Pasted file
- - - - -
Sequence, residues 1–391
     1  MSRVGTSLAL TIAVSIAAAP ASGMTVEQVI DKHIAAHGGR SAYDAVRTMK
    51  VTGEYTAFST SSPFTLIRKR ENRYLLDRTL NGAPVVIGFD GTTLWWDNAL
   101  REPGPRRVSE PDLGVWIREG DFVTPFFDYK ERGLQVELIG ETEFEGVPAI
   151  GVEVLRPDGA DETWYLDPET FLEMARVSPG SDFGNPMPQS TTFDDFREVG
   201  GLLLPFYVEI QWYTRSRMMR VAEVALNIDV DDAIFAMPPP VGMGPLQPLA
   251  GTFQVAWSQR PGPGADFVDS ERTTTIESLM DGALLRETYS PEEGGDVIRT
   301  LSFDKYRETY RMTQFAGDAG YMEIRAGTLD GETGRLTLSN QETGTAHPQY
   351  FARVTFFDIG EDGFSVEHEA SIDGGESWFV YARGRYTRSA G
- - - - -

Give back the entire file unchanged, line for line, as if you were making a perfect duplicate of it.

Sequence, residues 1–391
     1  MSRVGTSLAL TIAVSIAAAP ASGMTVEQVI DKHIAAHGGR SAYDAVRTMK
    51  VTGEYTAFST SSPFTLIRKR ENRYLLDRTL NGAPVVIGFD GTTLWWDNAL
   101  REPGPRRVSE PDLGVWIREG DFVTPFFDYK ERGLQVELIG ETEFEGVPAI
   151  GVEVLRPDGA DETWYLDPET FLEMARVSPG SDFGNPMPQS TTFDDFREVG
   201  GLLLPFYVEI QWYTRSRMMR VAEVALNIDV DDAIFAMPPP VGMGPLQPLA
   251  GTFQVAWSQR PGPGADFVDS ERTTTIESLM DGALLRETYS PEEGGDVIRT
   301  LSFDKYRETY RMTQFAGDAG YMEIRAGTLD GETGRLTLSN QETGTAHPQY
   351  FARVTFFDIG EDGFSVEHEA SIDGGESWFV YARGRYTRSA G